Australian Aboriginal Fabric Lampshade:Fish Traps
This lampshade is handmade from hand printed Australian Aboriginal fabric , Fishing Traps from Injalak Arts based in Gunbalanya, West Arnhem Land, Northern Territory. The fabric is a deep teal blue/green with black and cream design . The shade measures 40cm wide by 35cm high
This collaborative design was created by four Kunwinkjku dalukdaluk (women) artists, Priscilla Badari, Lynne Nadjowh, Sylvia Badari and Katra Nganjmirra.
Mandjabu (fish traps) were traditionally used throughout Western Arnhem Land to catch djenj (generic word for fish). The large woven nets, made from strong vines, were anchored in the river bed and used to trap fish with the hanging tides.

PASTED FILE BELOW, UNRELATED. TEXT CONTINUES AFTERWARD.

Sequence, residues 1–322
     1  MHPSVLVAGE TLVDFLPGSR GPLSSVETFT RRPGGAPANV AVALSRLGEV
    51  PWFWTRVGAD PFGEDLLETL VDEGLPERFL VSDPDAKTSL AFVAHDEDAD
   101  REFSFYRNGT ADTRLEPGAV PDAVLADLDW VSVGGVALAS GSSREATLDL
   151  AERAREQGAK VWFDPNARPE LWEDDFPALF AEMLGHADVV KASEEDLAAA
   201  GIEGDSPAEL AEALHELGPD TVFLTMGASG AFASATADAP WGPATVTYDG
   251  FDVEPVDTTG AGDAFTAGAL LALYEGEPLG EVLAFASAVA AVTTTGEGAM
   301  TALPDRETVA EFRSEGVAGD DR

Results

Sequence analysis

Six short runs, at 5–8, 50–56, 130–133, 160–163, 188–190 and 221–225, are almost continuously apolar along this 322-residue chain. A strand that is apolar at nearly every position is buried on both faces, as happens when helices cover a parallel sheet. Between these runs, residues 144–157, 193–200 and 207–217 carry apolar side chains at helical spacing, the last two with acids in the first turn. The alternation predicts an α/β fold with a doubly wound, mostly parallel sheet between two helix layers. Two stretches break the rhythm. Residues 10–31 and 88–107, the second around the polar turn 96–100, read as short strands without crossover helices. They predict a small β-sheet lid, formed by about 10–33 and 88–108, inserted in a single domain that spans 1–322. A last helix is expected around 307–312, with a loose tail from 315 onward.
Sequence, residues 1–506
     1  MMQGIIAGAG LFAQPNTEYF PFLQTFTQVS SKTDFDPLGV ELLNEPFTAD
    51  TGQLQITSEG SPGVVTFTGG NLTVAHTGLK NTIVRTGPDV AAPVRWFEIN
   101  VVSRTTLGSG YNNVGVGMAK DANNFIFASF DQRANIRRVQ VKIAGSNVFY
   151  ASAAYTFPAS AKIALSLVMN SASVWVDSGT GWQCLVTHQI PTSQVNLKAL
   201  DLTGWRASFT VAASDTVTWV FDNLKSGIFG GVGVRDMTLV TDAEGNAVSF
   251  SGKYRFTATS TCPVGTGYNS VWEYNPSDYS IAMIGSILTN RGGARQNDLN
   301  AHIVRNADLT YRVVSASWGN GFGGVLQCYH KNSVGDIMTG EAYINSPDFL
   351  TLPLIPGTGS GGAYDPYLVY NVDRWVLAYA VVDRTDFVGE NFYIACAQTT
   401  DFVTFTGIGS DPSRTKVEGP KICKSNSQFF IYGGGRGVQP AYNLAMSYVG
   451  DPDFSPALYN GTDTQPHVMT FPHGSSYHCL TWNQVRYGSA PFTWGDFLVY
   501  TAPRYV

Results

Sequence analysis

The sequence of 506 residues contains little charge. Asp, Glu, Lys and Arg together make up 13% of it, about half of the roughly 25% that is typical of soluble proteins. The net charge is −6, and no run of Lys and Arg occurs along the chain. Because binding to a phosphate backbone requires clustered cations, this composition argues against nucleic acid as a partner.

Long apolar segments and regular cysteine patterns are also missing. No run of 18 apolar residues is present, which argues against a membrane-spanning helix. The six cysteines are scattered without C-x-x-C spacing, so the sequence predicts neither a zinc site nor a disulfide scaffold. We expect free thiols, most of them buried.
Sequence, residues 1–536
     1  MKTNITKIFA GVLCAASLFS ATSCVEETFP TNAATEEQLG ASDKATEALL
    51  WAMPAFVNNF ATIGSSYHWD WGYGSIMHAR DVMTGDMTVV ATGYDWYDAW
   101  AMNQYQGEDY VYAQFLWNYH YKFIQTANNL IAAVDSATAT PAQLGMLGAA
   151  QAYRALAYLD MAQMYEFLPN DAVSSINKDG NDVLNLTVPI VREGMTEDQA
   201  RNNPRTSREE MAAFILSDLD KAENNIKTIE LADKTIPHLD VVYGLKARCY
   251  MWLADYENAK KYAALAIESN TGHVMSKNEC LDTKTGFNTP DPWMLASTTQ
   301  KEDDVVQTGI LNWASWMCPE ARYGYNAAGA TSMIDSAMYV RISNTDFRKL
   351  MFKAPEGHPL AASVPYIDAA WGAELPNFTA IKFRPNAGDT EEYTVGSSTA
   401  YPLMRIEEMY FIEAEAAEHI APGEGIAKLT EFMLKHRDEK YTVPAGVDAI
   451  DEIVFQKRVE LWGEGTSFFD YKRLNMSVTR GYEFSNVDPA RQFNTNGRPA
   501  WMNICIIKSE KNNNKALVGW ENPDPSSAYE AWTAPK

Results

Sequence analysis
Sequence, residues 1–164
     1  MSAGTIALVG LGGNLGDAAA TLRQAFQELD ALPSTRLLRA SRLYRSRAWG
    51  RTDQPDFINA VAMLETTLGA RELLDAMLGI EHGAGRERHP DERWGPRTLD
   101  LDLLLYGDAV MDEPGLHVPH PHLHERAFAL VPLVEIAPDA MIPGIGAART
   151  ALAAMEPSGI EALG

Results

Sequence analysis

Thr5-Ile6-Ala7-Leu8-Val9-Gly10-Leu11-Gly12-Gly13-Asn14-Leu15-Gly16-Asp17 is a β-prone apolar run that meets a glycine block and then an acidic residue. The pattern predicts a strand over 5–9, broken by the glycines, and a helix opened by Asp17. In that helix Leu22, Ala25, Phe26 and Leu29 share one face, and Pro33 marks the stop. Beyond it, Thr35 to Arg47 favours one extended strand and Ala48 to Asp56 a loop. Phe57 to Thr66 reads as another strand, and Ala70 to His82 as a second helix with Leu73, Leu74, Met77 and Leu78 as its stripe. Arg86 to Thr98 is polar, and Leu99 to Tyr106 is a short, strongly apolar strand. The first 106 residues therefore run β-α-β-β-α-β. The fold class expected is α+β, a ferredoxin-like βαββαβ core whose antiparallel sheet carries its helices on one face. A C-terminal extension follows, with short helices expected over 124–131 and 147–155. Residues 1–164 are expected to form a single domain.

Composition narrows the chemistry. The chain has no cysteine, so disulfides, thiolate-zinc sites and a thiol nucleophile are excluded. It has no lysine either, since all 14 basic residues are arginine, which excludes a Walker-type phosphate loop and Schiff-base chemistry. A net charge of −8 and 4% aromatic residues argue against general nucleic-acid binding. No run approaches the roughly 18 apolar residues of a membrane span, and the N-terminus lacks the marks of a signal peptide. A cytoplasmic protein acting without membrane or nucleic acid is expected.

These traps were very large and could stretch metres in length. Traditionally men would weave these nets due to the size and heavy duty nature of the structure. It was not uncommon for two to three men to spend close to a month weaving large fish traps.
The design features artistic interpretations of the different stitches used to weave these large traps. Although these traps are no longer regularly used for fishing, women still practice making them to continue the old traditions and maintain ancient weaving techniques. Examples can be found in museums often recreated from Pandanus and sand palm.